It’s that time of the year again. The time for financial analysts — and market-watchers — to look forward and forecast what will happen in the coming year. For investors, one of the most important predictions is what will happen with the stock market. Here I share what the experts have to say. But I also ask you as an investor to think about “What are you going to do with this information?” and then I share my own thoughts on the subject.
In their just published 2017 US Equity Outlook Goldman, Sachs & Co. predicts by end of Q1'17 the Dow will hit 2400 (up 9%) on optimistic expectations for new pro-business legislation from the incoming administration. Then in 2H 2017 Goldman sees the Dow pulling back as inflation, reality, and fear set in — closing the year at 2300 just roughly 5% ahead of current levels. You can find a more detailed summary of the GS report here.
How do you feel about that? What are your thoughts about stocks in 2017? How will it affect your investing right now? In 6 months?
For me, I think the general shape of the curve seems to make sense: stocks rising in the short-term on optimism; then falling after reality sets in. But I see some big red flags here. Currently, as the more detailed report notes the median stock trades at the 98th percentile of historical valuations. A 9% rise in the DJIA would put the median stock in the ~100th percentile of historical valuations. Just think about that. I own a lot of equities, so I certainly hope the market goes up in the short-term and that any new legislation fuels further increases well into the future. That said, given these lofty valuations combined with the uncertainties (and instability?) of the incoming administration, I believe there is much more room on the downside than on the upside for stocks. I’m not putting another dollar of new money into the stock market anytime in the foreseeable future. In fact, I’m looking to take some profits (even if it means I miss out on GS’s predicted 9% gain).
How about bonds?
So where should investors put new money or gains? Are bonds the answer? In the weeks following the election the 10-year treasury jumped to a 16-month high 2.4%. GS predicts the fed will increase rates 3x next year and push the 10-year treasury to 2.75%. That’s it. After taxes net gains on treasuries will be less than the expected 2% rate of inflation. You will effectively lose money with US Treasuries. No thanks. I don’t like it. There’s got to be a better option.
Where is the best place to invest in 2017?
From my perspective the answer is clear: multi-family real estate. Specifically, I like the investment model and track record of OpenPath Investments. Full disclosure: I have been an investor with OpenPath since leaving Google in 2007 and more recently an active partner. OpenPath Investments is a social impact real estate company. We acquire workforce housing (i.e. large apartment complexes) in stable, growing, inventory constrained markets (not SF, LA or NY) and then add value to the properties — with an eye on the environment — while building community for the residents. This short video shows how it works. Why is this the best single investment for 2017?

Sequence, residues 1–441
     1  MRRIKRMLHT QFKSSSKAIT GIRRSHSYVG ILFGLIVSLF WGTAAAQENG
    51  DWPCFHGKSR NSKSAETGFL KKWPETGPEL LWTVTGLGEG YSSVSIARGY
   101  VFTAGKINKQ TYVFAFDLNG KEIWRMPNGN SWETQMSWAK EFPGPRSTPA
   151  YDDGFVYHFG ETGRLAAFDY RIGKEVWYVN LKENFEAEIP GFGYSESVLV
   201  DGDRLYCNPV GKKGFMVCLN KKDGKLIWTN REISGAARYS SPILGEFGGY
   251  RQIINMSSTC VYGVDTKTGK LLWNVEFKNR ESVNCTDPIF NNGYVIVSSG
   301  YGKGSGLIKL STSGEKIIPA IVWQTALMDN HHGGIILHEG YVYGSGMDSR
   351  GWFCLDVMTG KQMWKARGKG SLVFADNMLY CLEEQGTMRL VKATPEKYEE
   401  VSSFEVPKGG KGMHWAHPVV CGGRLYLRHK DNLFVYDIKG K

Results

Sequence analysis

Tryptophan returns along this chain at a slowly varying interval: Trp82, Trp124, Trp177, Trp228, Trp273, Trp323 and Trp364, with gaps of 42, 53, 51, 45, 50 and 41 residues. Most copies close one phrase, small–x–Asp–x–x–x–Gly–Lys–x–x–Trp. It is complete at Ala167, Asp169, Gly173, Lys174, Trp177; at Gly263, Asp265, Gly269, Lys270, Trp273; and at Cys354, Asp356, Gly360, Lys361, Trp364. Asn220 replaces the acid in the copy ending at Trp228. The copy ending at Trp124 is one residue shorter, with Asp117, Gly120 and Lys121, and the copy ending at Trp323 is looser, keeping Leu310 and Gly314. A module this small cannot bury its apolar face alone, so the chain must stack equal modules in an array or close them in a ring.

10 years of Market-beating results.
At OpenPath Investments our approach to social impact investing has delivered positive outcomes for people (working-class families) and the planet while delivering market-beating results and profits for our investors.
Let’s compare OpenPath to afore-mentioned stock market. Again, GS’s prediction is for a 5% gain in stocks in 2017. Looking back, the S&P 500 has a 10-year annualized return of 7.20%. Over that same 10-year period, OpenPath has averaged a 33% IRR (internal rate of return). This pertains to the 8 properties we acquired and sold over this period. The average hold for these properties was 2.7 years and the average multiple on equity was 2.0X. More details on our approach to real estate and our financial performance is in our corporate overview. It should also be noted that real estate offers tax advantages that can enable you to defer taxes on your gains, which makes these numbers even more compelling compared to stocks and bonds.
Does OpenPath expect to see these kind of results going forward? To be sure, the last 10-years have been good for real estate in general. At OpenPath our model has taken advantage of this broad opportunity. Over the next 10 years, we’d be thrilled to match our returns from the last 10 — but we don’t plan for that. Instead we urge investors to set more conservative expectations. Going forward, we expect that new OpenPath opportunities in 2017 will deliver a preferred annual return in the ~6–8% range and total IRR of ~14–15% . These kind of returns still far exceed the recent returns from the Dow and S&P as well as even the most optimistic forward projections for these stock indexes. The above OpenPath projections are general targets and subject to change based on the information we have at the time of any specific investment. As always, we will provide more details and pro forma projections for specific opportunities/properties as these come available.
The Net-Net, when I look at the risk/reward for stocks and bonds in 2017, I don’t like what I see. For me OpenPath’s multi-family real estate and social impact model offer a much more interesting opportunity for strong returns.
If you’d like to learn more, I invite you to visit our site or send me a note at firstname.lastname@example.org.
A couple other posts that I think you will like:
Note: OpenPath investment opportunities are for accredited investors. I am not a CPA or professional financial advisor. All opinions are my own. I encourage you to consult your accountant to fully understand your individual tax situation.